A campaign of black propaganda and smears ensued from Patrick Harrington and Nick Griffin as they sought to legitimise their hostile takeover of the Union. On the BNP website itself news items appeared that smeared the Executive and claimed that the Union had been the ‘target’ of a ‘Marxist plot’ and that action was needed by the BNP/Third Way to prevent the plot. It was unfortunate that so many BNP members accepted this nonsense and delusionary propaganda. Some of them who had been in the Movement for many years should have known better. They had already experienced the infantile factionalism of Griffin and Harrington during the Front years when members were ousted on false pretences, and smears and abuse directed at those who opposed them. The warped minds of Griffin and Harrington have been exposed for all intelligent minds to see in such articles as ‘The Griffin File’ (http://www.aryanunity.com/griffinfile.html) and ‘Attempted Murder,’ by Nick Griffin himself (http://www.aryanunity.com/attempted_murder.html). Griffin and Harrington created smears and innuendos against the original Solidarity Executive by claiming that there was an imaginary ‘left-wing plot’ against the BNP to somehow destabilise the Union, despite the fact that Potter had created the Union in the first place and built it up, and Hawke had spent hundreds of pounds of his own money in helping to build it up.
Griffin promoted the line that Harrington had ‘saved’ the Union from this illusionary plot. A call for an ‘Extraordinary General Meeting’ was launched by Harrington and promoted by Griffin. Since most of Solidarity members are BNP members (a situation that prevails to this day) it was relatively easy for Griffin to manipulate them to accept his line and persuade them to support Harrington. Harrington, despite having been expelled from the Union, initiated a call to the membership using membership data that he had no right to use. The actual mechanics of the call for an ‘EGM’ were utterly bogus, having no independent scrutineer, and all of the unnumbered and unstamped ‘notifications’ were returned to Harrington’s personal home address.
The ‘EGM’ was held in an Essex location where a prominent Third Way official was based and even the Chairman of the BNP, Nick Griffin, himself attended, presumably to ensure that BNP members of the Union would vote the right way.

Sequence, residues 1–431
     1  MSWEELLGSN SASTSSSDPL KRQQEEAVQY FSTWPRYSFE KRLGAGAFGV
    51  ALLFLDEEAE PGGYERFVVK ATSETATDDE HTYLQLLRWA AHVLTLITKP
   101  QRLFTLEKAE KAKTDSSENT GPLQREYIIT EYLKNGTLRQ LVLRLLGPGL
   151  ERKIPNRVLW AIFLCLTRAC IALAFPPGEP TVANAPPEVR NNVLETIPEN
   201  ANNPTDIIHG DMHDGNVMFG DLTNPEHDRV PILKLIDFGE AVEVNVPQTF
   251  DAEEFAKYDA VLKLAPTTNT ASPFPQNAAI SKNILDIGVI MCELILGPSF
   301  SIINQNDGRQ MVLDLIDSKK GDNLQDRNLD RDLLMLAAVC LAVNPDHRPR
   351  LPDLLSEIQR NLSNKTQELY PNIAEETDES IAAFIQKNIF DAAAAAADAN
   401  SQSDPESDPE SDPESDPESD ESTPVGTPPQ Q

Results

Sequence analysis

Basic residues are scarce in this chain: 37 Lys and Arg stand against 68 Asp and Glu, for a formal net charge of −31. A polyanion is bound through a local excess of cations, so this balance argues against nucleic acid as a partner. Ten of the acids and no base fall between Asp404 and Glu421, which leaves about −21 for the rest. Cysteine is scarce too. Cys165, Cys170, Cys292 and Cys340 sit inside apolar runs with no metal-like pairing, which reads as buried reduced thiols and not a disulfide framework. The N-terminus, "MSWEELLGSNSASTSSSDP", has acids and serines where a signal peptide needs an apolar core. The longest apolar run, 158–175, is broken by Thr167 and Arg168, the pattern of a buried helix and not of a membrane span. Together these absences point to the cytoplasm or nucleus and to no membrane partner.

Meanwhile, the Executive could not access its own constitutional funds held with the bank, which had been frozen by Harrington just after he had been suspended. However, despite the account being frozen and the official Executive having placed an inhibitor against Harrington on the account, Patrick Harrington managed to persuade the bank to allow him to remove £2600 from the account. To date the bank has failed to provide an explanation for this act of negligence. This money was eventually released to Solidarity after the decision of the Certification Office made it lawful for the bank to release it.
In November 2007 Solidarity ‘B’ staged elections for its Executive which was now intended to be larger and with all of its members to be either BNP or Third Way appointed, an action apparently contrary to the 1992 Trade Union and Labour Relations Act that governs trade unions since election candidates should not have to be members of a political party.
The Executive elections were held in November and overseen by a firm of accountants – Silver & Co. Silver & Co are the accountants who are responsible for BNP accounts. One of its partners, Peter Silver, is a leading local Freemason who has links with Griffin’s father, Edgar, a leading Freemason himself. Silver & Co are also the accountants who dealt with the ‘Truth Truck’ BNP purchase from Dowson’s organisation, Christian Youth Fellowship.
By this simple act of setting up of elections that by their nature could not produce a fair result, Griffin and Harrington legitimised their joint takeover of the Solidarity Trade Union. It had become a BNP trade union which instead of following an independent and revolutionary path, had now become simply a BNP members’ protection agency, whose financial situation was now symbiotically linked in with that of the BNP and Griffin’s centralised hold over all aspects of the party and associated groups. Solidarity had become fossilised, redundant and a relic of the 1980s Front-style factionalism that had helped kill off the National Front.